I sat for my West Africa School Certificate Examination Council (WASCEC) sometimes in the late ’80s with a barren, desolate, and impoverished mind, haven being a victim of a troubled childhood. A nasty experience that deprived me of the needed inner strength, mental capacity, and formidable force to proceed to write such a pivotal School Certificate Examination. But I had to in anyway.

Expected of a very poor student my WASCEC result with just TWO PASSES (P8) was ranked among the worst results to have come out of my Secondary School, in Ibadan, Oyo state, Nigeria. The projected outcome only heralded the moment of humiliating rebuff, shaming, insulting, and beating , from all stakeholders around. Yet, none was ready to accept the share of the responsibilities for the woeful performance. While all these abuses lasted, dangerous but difficult options raced through my mind all in seconds. This is a story for another day.

Then came a change of environment; where an inexorable state of emergency was declared on my education and all the stakeholders around also prevailed on my Mother that I should go back to FOURTH FORM (what is known as SS2 now) to make room for adequate preparation even as against my wish to retake the next MAY/JUNE WASCEC.

Momentarily, the thought of shame pervaded through me but I had to bite the bullet after the consensus was that my result was not good enough to merit my decision which means I’d have additional TWO years to prepare for the WASCEC. The decision eventually yielded desired outcome by dint of hard work as my final result then was ranked among the very bests in the history of the school.

One of the great lessons, I learnt from that unavoidable encounter is that going through the harrowing experience of failure is part of the needed route one may need to pass in gaining wining strategies over any prevailing circumstances in life; the degree of its occurrence or recurrence in individual’s life may be different. This was my story. My foundation.

You’d agree with me if you have been following this series in the past weeks that our wrong intention and insincerity as parents are not the only limiting factors impeding us on the job, but the perceptible deficiency in our central message of love, care, and protection, even when we are sincere with good intention.

Some of us caregivers; parents and teachers have misguidedly projected to kids a one sided coin of life with only one choice or possible outcome and today’s kids(youth) will (have) leverage(d) on such due to our insensitivity in being unable to present the true nature of life to them.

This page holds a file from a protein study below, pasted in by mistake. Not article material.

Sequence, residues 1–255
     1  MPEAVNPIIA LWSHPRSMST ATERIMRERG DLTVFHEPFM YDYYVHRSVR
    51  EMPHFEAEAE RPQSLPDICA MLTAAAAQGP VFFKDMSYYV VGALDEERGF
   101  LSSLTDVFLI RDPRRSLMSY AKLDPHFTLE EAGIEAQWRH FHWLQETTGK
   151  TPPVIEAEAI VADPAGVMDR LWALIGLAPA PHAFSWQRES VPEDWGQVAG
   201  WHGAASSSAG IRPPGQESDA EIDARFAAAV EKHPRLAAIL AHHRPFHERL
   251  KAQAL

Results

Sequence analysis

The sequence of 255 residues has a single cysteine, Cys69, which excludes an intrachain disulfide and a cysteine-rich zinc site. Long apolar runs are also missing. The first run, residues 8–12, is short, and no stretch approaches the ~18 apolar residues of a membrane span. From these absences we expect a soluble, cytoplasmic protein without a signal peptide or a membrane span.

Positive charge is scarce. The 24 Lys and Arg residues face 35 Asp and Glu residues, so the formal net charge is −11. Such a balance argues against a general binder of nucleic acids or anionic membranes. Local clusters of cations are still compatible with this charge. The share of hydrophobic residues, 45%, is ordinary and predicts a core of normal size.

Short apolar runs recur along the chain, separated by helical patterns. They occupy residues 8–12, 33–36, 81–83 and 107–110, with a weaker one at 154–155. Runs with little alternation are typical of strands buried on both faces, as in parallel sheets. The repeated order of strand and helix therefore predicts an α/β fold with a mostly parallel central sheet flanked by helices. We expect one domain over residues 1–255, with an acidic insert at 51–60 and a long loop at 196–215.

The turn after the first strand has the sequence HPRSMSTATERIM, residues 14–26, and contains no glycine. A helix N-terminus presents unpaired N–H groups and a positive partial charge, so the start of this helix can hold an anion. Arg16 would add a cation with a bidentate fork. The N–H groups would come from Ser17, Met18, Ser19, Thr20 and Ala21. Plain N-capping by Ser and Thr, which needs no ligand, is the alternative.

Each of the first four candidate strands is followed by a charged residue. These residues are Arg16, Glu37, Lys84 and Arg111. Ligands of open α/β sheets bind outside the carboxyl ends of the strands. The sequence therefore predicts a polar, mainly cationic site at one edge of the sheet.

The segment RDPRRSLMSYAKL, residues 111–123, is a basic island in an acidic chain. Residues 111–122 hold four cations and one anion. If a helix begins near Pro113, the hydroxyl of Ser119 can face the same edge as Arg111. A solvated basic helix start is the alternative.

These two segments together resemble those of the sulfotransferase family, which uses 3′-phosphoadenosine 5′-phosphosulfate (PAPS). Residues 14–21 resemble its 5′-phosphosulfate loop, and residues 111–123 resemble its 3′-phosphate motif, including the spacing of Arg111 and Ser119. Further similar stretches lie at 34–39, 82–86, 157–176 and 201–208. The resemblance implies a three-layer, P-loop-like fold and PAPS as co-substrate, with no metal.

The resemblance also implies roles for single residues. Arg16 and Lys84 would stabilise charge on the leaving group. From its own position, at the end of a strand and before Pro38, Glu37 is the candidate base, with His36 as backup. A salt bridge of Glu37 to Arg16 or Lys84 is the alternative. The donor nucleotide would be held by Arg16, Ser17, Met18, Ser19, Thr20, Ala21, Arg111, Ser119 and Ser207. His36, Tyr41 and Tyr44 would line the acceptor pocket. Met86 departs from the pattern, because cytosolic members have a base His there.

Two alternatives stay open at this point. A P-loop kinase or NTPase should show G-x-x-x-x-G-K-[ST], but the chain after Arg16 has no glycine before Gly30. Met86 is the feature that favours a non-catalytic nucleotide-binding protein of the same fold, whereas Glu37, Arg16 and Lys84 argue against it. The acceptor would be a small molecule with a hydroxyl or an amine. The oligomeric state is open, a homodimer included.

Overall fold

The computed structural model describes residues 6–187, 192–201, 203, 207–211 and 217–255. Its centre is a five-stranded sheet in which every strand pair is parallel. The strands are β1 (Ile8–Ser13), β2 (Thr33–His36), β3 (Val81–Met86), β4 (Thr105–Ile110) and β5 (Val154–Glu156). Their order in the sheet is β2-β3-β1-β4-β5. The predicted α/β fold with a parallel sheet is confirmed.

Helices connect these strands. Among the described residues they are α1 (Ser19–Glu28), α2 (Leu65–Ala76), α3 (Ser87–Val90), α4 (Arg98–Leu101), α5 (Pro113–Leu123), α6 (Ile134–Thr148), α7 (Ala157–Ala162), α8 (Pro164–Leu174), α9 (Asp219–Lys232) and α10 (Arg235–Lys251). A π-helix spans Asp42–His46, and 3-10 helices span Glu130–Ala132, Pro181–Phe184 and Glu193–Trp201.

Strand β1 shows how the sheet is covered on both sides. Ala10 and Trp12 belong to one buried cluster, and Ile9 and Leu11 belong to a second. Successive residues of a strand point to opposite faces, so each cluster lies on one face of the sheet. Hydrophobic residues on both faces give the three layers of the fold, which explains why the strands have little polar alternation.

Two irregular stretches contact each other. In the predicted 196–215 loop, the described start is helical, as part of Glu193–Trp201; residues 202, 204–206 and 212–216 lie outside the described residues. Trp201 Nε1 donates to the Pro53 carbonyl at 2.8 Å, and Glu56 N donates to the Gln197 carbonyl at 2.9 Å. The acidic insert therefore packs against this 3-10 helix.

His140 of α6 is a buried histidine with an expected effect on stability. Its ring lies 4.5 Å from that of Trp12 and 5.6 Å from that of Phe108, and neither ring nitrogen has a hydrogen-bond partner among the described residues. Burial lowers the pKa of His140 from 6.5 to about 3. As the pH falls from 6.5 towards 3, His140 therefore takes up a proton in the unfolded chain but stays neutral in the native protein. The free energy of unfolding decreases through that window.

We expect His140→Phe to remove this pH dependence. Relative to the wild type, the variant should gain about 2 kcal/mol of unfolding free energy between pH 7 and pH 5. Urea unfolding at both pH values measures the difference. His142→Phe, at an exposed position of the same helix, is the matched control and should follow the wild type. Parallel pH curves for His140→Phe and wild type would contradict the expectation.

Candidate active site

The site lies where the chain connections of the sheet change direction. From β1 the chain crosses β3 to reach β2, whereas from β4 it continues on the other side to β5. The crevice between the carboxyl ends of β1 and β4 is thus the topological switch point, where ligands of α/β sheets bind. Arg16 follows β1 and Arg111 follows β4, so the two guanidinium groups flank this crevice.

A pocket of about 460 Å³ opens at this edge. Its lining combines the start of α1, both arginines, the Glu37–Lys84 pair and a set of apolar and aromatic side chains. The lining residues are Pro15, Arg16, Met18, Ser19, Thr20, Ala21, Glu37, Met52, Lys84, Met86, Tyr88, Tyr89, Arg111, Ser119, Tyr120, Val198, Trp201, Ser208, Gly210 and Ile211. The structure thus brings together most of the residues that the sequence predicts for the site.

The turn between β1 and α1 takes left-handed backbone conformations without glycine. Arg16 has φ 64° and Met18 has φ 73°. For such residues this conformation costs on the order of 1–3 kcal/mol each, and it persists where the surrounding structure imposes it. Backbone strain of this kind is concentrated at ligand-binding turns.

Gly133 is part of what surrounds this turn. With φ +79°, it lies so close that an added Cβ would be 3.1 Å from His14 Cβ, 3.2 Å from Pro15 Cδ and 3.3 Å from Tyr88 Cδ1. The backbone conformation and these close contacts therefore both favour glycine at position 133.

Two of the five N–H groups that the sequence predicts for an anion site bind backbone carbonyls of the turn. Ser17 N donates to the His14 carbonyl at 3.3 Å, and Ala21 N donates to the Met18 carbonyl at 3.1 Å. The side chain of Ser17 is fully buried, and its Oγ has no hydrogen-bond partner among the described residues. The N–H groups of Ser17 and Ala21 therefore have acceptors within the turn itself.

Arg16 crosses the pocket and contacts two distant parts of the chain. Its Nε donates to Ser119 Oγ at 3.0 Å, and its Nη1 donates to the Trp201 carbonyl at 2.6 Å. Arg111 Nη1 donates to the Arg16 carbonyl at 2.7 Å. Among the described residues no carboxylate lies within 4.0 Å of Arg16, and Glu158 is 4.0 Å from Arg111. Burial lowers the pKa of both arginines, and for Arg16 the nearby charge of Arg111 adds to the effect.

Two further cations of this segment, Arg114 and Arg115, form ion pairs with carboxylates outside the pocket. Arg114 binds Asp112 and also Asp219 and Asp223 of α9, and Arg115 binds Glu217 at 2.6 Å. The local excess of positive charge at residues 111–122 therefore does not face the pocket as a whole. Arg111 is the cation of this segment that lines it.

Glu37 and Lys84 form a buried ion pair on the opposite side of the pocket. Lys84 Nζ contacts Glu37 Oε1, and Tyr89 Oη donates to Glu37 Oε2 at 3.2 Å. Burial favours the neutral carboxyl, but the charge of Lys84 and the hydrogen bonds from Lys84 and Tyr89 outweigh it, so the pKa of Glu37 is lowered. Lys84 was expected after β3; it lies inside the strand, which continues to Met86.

As parents, we have generously given them lots of ownership but not many perspectives;

As teachers/educators, we have loaded them with plenty of schools but meagre life skills;

As coaches, we have taught students how to win games, but not how to win in life;

As faith and youth workers, we provide lots of explanations but scanty experiences to win spiritual battles.

Every parent wants to see their kids succeed in school activities; academic, cultural, sports, and in life. It is our joy to see them winning because we believe such will produce highly confident kids. This must not be done by willfully removing failures as they grow up. Such is in fact , a prodigious way to impede complete growth. What this means is we may have succeeded unknowingly in creating for them an institutional malaise which may eventually manifest in them in adulthood.

We frown this day at making our children to experience setbacks which often makes them unprepared to navigate as they reach 20s. I am not sure many parents would agree their wards experience TWO years setbacks as I was even in the same circumstances as mine! Initially I failed, but the surrounding stakeholders helped me get back, by impressing it on me to prepare hard, damn the shame, and succeed, which eventually paid off. But when situation of that nature occurs now, some parents habitually side with their children, and sometimes get the schools and teachers involved into trouble. We make excuses for kids not to fail. Some educators do same; we pass kids into the next class even if they aren’t really ready for it, and did not legitimately deserve it. But for the purpose of ratings or so we throw caution to the wind.